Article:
‘Emperor’ gunman left bizarre trail | VailDaily.com
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‘Emperor’ gunman left bizarre trail

Colleen Slevin
Associated Press
Vail, CO Colorado

DENVER ” When an armed man wearing a tuxedo and claiming to the “emperor” of the state was shot dead at the Capitol, police had just been warned to be on the look out for him.

Aaron Snyder, a 32-year-old trained as an engineer, had left a trail of bizarre behavior along the Front Range Monday, prompting police to issue an alert for departments along Interstate 25, including Denver. That bulletin came 15 minutes before he was shot three times by a state trooper outside the governor’s office,

Denver police chief Gerry Whitman said Tuesday.

Snyder started Monday by reporting to his internship position at an energy company in Fort Collins and sent an e-mail to a co-worker saying that God had made him “the emperor, the sovereign ruler of this nation.” It closed with the line “With love in Jesus Christ” and was signed Aaron Aurelius Ricardus Constantinus.

Officials at Advanced Energy later told police he was there at 9 a.m. but may have left without notifying anyone.

Around 10 a.m., Snyder showed up at a store in Northglenn wanting to rent a tuxedo right away for an event he was going to attend in Denver, according to a police report. He told the woman who fitted him at Mister Neat’s Tuxedos that “I will reign” and “The emperor was coming”.

She noticed he had both a gun and a knife in his pockets and, when the fitting took longer than normal, she said he began to sweat profusely and seemed nervous.

That prompted her to report the encounter to police, who responded to the store at about 11:30 a.m. An officer then contacted Snyder’s mother, Kathie, who said he had been diagnosed as “delusional”, was being treated by a psychiatrist and had become upset a few days before by something minor that had happened at home. She couldn’t recall what.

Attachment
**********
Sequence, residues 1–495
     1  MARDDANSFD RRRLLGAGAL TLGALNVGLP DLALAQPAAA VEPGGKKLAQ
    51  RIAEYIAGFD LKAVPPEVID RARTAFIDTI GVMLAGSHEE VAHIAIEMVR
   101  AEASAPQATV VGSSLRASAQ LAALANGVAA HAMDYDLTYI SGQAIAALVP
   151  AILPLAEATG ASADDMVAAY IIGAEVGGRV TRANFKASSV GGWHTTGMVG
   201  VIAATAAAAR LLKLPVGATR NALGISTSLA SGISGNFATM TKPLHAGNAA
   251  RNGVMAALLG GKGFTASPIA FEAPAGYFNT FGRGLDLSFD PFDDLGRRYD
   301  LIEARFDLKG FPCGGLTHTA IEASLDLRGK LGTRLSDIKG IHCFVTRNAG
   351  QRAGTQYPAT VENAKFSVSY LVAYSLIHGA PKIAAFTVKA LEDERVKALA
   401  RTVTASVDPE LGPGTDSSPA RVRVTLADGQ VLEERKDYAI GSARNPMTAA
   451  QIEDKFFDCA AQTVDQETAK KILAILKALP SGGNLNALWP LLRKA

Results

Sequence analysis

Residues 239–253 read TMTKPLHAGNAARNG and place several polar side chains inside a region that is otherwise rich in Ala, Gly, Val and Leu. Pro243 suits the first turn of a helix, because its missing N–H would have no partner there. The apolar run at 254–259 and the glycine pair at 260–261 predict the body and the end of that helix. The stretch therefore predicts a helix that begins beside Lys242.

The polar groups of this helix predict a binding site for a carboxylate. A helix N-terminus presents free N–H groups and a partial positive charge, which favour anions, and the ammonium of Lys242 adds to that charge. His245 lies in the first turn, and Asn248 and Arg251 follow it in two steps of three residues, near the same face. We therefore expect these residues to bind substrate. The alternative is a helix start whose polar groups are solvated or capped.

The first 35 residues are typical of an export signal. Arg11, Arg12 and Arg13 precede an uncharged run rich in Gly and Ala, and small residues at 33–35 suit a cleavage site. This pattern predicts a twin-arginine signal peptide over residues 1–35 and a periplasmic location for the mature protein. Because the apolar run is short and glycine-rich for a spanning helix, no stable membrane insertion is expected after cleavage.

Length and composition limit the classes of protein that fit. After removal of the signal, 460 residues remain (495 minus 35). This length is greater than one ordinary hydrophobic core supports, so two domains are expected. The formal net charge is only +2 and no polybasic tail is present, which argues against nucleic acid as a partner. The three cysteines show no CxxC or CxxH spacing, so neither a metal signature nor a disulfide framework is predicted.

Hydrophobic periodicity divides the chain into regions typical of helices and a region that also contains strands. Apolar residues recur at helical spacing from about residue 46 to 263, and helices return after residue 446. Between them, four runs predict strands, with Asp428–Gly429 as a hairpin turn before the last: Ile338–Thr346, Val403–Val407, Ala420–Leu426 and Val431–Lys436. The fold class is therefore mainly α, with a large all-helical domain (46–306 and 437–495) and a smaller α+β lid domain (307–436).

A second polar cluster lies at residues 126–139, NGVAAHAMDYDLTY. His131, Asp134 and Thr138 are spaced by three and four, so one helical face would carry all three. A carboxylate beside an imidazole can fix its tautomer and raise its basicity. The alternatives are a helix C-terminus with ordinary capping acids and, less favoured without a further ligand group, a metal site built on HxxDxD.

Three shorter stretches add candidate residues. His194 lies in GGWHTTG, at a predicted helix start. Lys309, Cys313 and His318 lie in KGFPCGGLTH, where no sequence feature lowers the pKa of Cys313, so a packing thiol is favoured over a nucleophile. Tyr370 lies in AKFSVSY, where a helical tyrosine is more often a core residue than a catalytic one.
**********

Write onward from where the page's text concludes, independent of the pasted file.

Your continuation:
Both the officer and the mother were unable to reach Snyder by cell phone. The officer also contacted Advanced Energy after learning that’s where he worked and warned Fort Collins police about Snyder.

An alert about Snyder was sent out at 1:45 p.m., requesting that police officers along Colorado’s main north-south highway watch out for him so they could check his well being but exercise caution because of the weapons.

At around 2 p.m., Snyder entered the reception area of the governor’s office, declaring that “I am the emperor and I’m here to take over state government”. State troopers were able to escort him out to the hallway but after a confrontation he was shot twice in the chest and once in the head by trooper Jay Hemphill.

Snyder had flashed a .357 handgun from under his jacket and advanced toward Hemphill. Hemphill fired after Snyder twice ignored warnings that Hemphill would fire if didn’t stay back, Whitman said.

“The trooper did exactly what he was trained to do to protect himself,” Whitman said.

The events shocked neighbors of the quiet suburban neighborhood where Snyder lived with his parents in a neat, two-story house with a three-car garage.

Snyder attended CSU off-and-on over a 14-year period through last fall but left soon after beginning work on a master’s degree in electrical engineering, university spokeswoman Dell Rae Moellenberg said.

Neighbor Doug Egge, a software consultant, said Snyder was a “nice kid” who was quiet and reserved and quickly picked up computer programming concepts when he sought help from Egge. But he also said sometimes it also seemed like Snyder was “in his own little world” as he smoked outside his family’s house.

Egge said something seemed to have changed with Snyder in the last six months and Snyder hadn’t been approaching him to talk about computers.

Neighbor Mary Annunziato said Snyder was “not well”, declining to elaborate, but said he was kind and loving and had talked about pursuing a PhD. She remembered how he helped dig out a FedEx truck stranded in a snow and ice pile following December’s blizzards and tutored fellow college students.

“That person that went to the Capitol was not the person I knew and cared about,” she said.


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